In the case of non-superficial brain tumors, we proceed to corticectomy, which is the opening of the cerebral cortex at a point with little risk of aftereffects. This point has been previously planned and the surgeon’s knowledge of anatomy is essential for this. Some techniques allow technological assistance in this procedure, such as neuronavigation, which allows us to track on screen where we are moving in the brain, serving as a kind of GPS for the surgeon. This is especially useful for locating small and deep lesions.
Intraoperative neurophysiological monitoring, in addition to acting as a safety net and alarm system throughout the surgery, allows us, through direct stimulation of the cerebral cortex, to establish whether we are at an eloquent point, especially one affecting voluntary movement. This way, if one spot is too delicate, it allows us to choose a safer entry point a few centimeters away, and all in real time and immediately.
If the risk is acceptable, we will attempt to resect the maximum percentage possible of the tumor. If we know that we are in an area close to a critical area, in addition to the anatomical references, direct stimulation of the brain tissue that we are exposing allows us to evaluate the risk of continuing to remove tissue.
Contrast and fluorescence techniques with compounds such as 5-ALA (Gliolan) are used under the microscope in some cases of high-grade malignant gliomas. At Instituto Clavel have officially certified knowledge for use of these techniques, in combination with the surgical microscope or the exoscope, to optimize the identification and degree of resection of malignant neoplasms.
In addition, sometimes other techniques are used, such as intraoperative brain ultrasound to locate tumors in real time, or endoscopy to access deep and poorly accessible locations.
RECOVERY AND REHABILITATION AFTER TUMOR RESECTION
After intracranial tumor resection surgery, the patient will be transferred to the critical care unit (ICU) for observation, even if he leaves the operating room awake and breathing on his own. This is because the patient’s level of consciousness and neurological state should be carefully monitored during the first 24 hours following surgery.
Once we are sure the patient is recovering correctly, he will be transferred to his hospital room. While in the hospital, the patient will be gradually given a more consistent diet and will be assisted in beginning to move around. Depending on the patient’s previous state and the type and aggressiveness of the surgery, the patient may be perfectly autonomous from the beginning, but in other cases, physical therapy will be used, especially if there is a problem of loss of strength or instability when walking. Typically, patients will need to stay in the hospital 4-5 days before they can safely return home.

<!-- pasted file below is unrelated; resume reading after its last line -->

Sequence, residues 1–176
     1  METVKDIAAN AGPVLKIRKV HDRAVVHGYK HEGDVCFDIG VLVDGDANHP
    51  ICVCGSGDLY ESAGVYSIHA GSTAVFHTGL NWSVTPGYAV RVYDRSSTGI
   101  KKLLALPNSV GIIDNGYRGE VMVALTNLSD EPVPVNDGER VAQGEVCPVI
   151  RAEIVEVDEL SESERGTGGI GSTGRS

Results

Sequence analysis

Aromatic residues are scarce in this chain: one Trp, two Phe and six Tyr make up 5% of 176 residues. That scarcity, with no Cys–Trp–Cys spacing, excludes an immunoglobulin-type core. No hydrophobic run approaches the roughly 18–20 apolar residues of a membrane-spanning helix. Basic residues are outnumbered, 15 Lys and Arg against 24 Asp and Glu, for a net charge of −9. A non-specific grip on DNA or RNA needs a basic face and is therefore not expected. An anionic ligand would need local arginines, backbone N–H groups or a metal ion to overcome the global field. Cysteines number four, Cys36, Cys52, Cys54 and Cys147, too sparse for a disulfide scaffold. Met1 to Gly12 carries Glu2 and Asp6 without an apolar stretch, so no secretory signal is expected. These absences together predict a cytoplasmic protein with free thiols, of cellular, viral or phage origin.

Subsequently, all patients will be encouraged to undergo postoperative rehabilitation. In some cases, it will be obvious that the patient needs to recover from a motor deficit of the limbs or even the trunk. But cases with complete mobility can benefit from a rehabilitation aimed at recovering the muscle mass lost during the process.
RISKS OF TUMOR RESECTION SURGERY
In general, it is a surgery with moderate risk, but the risks depend greatly on the type of lesion, its anatomical location, the age and other pathologies of the patient. In most cases, we will achieve a satisfactory tumor resection without negatively affecting the patient’s previous state in any way, and even improving the previous symptoms in many cases. Therefore, most of the complications that we describe do not imply a permanent deficit or after effect.
According to the Spanish Society of Neurosurgery (SENEC), the estimated risks for the surgical treatment of intracerebral lesions are as follows (the range indicates the number given by the most pessimistic and optimistic studies):
- Neurological deficit: varies according to the location of the lesion:
- Hemiparesis (loss of muscle strength in one side of the body): 2 – 12 %
- Changes to vision: 2 – 11 %
- Language disorders: 0,3 – 10 % (depending on the side of the brain affected)
- Sensory (touch) deficit: 0,3 – 10 %
- Internal brain hemorrhage, which can cause neurological deficit or worsen an existing one. 1 – 3 %
- Cerebral edema (inflammation) or stroke (death of cells in the area of the operation): 5 -10 %
- Epileptic seizures after the operation: 1 – 10 %
- Superficial infection of the wound. 0,1 – 7 %
- Deep infection or cerebritis (inflammation of the brain). Osteomyelitis (infection of the bone). Meningitis.
- Death during surgery: 0,5 -3%